Lately, I have been struck by an insurmountable love of something. It’s not money, and it’s not food. And it’s certainly not status or reputation. No, the thing I have fallen in love with is something not a lot of people do fall in love with. It involves feelings of discomfort, of frustration, and of constant toil and occasionally pain.
And it’s something a lot of people I think—especially around my age—forget is the one thing we need to relish in.
It’s the grind.
My father, a hard-working, started-from-the-bottom-now-we’re-here-literal-embodiment of a man, has always told me stories about what I call, “The Grind”. As is generational gaps, though, he would always refer to it differently than I would. “Son, someday when you’re older you’re going to realize that the work you put in to something is really the reward,” or “Give me a man that understands the practicalities of sweat and real work, and I will show you a man that has value.” He would yell at showboating players in athletics competitions, and assume they were showboating because they felt entitled. “You don’t win by showing off! You win by putting in the work, dang it!”
He was always pretty intense about it, but I never really understood why. It boggled my mind as a younger kid. Why would you put so much love into doing difficult, boring, or annoying things? It’s just better if it’s easier, if I can just relax, I would tell myself. It wasn’t that I was lazy—I knew how to do something if I absolutely needed to—it was more that I never understood what his infatuation with “sweat, tears and a little pain” was.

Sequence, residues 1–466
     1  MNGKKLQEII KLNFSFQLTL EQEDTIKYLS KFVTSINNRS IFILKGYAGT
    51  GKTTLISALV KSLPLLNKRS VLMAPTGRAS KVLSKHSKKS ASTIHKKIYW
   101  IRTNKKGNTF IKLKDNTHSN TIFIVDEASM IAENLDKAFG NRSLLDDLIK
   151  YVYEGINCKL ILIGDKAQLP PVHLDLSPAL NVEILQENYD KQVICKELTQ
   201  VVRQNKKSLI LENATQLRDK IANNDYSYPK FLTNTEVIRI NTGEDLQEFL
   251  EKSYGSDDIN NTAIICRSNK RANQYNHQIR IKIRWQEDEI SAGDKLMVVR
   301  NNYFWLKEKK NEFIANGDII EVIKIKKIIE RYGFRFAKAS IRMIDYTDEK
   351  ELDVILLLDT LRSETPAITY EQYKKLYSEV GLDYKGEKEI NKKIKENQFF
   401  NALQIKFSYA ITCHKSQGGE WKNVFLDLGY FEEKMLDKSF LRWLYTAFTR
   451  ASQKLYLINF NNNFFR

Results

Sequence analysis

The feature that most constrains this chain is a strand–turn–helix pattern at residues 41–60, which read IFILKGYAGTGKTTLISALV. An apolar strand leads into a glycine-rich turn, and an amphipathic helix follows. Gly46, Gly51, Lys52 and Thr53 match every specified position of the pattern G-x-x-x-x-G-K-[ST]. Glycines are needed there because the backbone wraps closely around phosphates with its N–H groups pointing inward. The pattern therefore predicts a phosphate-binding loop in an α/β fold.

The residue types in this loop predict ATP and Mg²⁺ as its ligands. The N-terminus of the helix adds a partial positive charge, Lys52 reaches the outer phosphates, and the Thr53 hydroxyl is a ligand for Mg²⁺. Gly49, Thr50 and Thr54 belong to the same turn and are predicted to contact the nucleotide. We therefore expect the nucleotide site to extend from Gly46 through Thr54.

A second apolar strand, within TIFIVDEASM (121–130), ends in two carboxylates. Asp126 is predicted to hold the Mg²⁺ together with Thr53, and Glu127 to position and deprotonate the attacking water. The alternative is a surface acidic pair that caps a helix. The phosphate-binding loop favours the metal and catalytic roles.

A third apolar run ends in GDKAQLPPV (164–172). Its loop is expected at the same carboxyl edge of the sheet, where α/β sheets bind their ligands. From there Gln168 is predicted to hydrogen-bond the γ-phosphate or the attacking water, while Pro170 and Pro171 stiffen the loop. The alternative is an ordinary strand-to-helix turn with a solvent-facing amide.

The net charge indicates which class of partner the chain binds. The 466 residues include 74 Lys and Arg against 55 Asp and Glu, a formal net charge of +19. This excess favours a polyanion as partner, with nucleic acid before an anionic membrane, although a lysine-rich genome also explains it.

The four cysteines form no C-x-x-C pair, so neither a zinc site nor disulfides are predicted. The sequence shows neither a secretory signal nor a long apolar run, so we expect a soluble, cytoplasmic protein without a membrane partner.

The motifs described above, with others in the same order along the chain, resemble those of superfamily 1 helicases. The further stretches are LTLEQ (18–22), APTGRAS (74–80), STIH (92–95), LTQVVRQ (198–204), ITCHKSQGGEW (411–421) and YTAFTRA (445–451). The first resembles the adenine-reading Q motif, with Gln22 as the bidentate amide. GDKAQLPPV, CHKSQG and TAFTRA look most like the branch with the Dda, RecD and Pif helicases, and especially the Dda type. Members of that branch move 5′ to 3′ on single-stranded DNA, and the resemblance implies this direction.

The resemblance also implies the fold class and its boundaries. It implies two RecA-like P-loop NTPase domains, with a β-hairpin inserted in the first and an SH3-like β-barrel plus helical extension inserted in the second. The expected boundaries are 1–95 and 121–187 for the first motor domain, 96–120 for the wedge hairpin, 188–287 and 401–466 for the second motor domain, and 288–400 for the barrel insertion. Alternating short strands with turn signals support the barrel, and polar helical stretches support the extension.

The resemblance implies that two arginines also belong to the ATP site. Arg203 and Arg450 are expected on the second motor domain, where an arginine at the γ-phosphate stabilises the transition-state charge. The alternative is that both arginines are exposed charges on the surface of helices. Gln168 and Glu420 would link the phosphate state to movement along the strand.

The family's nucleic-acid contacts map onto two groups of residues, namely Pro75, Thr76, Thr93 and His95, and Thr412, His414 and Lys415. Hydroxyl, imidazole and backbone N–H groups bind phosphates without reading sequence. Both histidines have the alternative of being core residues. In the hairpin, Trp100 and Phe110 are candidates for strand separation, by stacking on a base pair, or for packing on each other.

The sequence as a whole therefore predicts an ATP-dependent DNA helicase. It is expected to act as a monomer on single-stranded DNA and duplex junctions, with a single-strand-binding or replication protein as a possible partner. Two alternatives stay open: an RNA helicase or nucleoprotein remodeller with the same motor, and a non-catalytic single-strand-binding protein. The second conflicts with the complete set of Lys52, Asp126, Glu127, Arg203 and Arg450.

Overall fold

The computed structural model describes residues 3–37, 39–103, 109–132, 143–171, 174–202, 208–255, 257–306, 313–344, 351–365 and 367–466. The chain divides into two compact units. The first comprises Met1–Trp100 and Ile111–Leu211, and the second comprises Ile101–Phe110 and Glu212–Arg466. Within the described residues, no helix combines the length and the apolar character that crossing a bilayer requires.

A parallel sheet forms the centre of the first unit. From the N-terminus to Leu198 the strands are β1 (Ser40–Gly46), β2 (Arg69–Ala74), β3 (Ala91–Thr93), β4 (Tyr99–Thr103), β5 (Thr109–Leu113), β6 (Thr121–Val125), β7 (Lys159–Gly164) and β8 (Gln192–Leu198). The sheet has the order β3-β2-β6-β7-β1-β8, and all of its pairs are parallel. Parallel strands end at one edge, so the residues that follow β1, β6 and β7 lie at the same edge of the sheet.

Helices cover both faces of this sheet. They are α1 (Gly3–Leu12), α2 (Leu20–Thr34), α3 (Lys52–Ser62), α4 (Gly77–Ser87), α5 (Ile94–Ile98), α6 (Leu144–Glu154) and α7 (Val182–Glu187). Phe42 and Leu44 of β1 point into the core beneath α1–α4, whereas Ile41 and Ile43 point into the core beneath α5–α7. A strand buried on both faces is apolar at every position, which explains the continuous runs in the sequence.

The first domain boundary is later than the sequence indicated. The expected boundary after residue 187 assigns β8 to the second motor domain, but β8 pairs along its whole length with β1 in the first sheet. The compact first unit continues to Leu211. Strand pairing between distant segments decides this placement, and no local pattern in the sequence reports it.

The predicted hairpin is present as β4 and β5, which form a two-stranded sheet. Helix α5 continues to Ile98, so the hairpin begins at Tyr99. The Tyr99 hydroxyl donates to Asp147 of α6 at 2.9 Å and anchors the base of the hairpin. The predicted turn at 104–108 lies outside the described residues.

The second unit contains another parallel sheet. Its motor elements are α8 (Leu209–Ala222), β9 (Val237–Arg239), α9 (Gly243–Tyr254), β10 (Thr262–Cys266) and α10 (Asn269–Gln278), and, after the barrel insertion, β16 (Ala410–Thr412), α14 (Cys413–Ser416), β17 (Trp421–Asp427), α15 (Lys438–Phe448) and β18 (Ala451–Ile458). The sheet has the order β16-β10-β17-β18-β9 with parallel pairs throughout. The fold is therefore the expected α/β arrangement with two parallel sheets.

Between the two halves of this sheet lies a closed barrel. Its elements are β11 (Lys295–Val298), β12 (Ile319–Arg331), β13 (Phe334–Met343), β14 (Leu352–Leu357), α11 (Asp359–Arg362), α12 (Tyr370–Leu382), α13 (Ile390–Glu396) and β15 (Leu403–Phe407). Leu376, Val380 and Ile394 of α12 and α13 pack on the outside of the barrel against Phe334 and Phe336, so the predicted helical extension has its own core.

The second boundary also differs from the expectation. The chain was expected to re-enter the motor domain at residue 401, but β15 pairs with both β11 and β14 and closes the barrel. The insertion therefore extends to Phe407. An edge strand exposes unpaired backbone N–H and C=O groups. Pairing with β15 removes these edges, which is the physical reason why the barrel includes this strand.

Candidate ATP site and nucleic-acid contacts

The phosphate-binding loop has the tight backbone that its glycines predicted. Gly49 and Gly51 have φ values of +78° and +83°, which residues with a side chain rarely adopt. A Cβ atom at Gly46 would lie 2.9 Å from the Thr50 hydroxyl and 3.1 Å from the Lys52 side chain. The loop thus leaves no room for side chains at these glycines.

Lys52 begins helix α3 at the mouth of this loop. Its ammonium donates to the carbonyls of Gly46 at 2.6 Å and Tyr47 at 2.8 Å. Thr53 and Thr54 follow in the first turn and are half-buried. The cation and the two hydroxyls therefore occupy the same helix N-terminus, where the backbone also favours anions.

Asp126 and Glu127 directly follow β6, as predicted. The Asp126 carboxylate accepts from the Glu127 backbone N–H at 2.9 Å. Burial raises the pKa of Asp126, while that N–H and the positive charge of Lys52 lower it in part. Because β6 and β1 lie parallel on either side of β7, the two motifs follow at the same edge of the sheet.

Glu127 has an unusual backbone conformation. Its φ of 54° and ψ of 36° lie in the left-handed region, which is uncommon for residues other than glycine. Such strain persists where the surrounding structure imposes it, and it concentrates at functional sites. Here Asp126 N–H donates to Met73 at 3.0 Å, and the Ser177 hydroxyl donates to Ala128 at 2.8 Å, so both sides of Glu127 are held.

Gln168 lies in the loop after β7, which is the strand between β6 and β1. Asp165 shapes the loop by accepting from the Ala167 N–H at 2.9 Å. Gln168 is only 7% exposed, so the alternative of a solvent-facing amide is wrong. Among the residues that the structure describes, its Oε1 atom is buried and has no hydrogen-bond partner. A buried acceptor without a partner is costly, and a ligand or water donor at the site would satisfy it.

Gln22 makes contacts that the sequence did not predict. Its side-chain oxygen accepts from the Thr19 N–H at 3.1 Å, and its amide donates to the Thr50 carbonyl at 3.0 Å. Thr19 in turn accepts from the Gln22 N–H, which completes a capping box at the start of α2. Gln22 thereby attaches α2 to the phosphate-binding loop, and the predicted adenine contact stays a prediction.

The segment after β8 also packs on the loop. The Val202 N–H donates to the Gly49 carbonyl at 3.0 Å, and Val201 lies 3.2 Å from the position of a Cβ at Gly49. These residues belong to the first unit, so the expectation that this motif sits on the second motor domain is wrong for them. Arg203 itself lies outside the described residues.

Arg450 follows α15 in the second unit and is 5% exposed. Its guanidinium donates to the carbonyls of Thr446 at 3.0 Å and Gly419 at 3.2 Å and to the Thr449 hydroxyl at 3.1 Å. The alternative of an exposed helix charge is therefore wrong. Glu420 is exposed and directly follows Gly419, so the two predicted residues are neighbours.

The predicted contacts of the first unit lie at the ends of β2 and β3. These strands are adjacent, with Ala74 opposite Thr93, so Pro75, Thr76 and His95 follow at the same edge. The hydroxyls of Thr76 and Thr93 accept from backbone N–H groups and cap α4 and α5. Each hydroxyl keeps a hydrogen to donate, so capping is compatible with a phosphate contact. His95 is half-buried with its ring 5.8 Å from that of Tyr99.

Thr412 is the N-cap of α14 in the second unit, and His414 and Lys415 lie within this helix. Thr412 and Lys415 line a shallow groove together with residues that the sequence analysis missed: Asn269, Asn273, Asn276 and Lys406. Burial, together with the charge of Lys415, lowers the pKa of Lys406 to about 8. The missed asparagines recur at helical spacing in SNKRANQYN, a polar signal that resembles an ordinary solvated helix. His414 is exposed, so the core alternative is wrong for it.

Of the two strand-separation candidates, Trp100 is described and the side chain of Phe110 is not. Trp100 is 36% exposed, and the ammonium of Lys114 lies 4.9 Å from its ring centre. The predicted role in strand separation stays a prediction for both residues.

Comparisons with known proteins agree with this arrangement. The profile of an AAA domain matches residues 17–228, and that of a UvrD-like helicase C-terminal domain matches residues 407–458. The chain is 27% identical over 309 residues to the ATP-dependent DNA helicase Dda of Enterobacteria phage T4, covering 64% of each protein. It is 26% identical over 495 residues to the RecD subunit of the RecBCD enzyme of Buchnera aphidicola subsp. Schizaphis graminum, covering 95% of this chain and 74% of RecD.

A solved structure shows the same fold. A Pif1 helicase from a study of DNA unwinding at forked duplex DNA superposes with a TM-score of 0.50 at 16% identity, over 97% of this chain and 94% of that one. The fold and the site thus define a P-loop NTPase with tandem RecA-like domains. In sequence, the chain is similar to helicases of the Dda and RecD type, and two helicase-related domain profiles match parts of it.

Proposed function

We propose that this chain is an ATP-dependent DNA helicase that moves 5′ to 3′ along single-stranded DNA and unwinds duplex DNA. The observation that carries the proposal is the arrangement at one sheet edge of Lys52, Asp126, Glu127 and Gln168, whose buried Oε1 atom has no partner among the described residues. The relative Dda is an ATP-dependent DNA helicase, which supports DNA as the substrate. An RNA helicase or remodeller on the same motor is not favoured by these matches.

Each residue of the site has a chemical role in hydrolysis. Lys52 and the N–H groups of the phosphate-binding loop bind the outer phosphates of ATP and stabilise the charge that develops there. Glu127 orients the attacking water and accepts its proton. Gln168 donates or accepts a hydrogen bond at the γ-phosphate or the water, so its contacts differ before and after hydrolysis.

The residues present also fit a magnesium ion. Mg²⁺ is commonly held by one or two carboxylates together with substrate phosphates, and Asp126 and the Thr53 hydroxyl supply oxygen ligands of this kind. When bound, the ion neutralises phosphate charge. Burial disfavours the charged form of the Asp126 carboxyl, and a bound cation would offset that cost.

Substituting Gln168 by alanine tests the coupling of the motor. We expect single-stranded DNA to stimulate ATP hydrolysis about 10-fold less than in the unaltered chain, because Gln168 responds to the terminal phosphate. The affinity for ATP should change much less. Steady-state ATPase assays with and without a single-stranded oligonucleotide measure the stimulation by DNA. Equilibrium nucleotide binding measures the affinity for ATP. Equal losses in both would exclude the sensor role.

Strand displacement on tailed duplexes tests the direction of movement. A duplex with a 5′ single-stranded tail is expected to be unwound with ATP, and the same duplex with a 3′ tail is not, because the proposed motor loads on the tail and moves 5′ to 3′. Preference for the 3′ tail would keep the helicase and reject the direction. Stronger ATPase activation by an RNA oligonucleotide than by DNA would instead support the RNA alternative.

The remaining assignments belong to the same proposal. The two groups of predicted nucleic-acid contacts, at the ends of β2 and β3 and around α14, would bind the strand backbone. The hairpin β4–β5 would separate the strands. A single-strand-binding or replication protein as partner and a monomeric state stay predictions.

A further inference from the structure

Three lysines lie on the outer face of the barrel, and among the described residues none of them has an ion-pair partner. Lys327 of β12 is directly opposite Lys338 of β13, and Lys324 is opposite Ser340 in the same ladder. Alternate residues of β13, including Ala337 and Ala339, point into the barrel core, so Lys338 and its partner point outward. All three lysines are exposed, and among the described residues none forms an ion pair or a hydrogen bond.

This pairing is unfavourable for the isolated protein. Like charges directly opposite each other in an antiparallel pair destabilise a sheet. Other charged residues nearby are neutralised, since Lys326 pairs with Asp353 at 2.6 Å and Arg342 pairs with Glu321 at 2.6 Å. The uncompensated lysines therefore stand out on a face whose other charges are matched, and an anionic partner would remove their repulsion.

When I moved into the wonderful world of public high school, my father encouraged me to join the wrestling team. Already at that time I was heavy into doing martial arts and fighting; I enjoyed being cross trained in boxing, Tae Kwon Do, Kempo-jutsu and weapons training (katana, swords, etc.). What was wrestling to me? It was just another means for me to learn how to fight—to learn how to take on people who would assume I was weak—and have an excuse to get into physical altercations. So of course, when the wrestling coach, Mr. Read, asked me to join, I immediately said yes.
The Three Tenets of the Grind
What I never expected to happen however, was that throughout those four years of exactly what my dad had said he liked—sweat, tears and pain—I was learning to love The Grind. I was learning to seriously fall in love with putting in a lot of effort to get a powerful end result. And what I am unbelievably thankful to my high school wrestling coach, Mr. Read—a good Christian man of values and ethics—for is helping me understand what I call the undeniables. The tenets of The Grind.
Effort dictates outcome.
One of the first things I learned that has stuck with me ever since is the notion that you get what you put in. I personally think the end result of whatever you are doing is directly related with a simple equation: maximum effort + peak passion = optimal conclusion. If you are devoting yourself to something, and focusing your energy and talents to it, you are only halfway there. You need to commit yourself to the idea that nothing can be held back. The more you reserve your efforts and abilities for any number of reasons—timing, fear, judgment—the more you are withholding yourself a chance at what you, and God, wants of you.
Think about it this way. If Muhammad Ali didn’t train every day, and in his prime, utilize the equation—maximum effort + peak passion = optimal conclusion—he wouldn’t have been nearly as great. He wouldn’t have beaten the likes of legends like Joe Frazier or George Foreman. Even outside of the ring he committed himself to putting his efforts and passion into being a spokesman for race, and stood up for people of color around the world. The man even stood tall against the U.S. government because he believed he was putting in the work for a generational outcome; and for a multitude of people that would span far beyond his prime days as a boxer.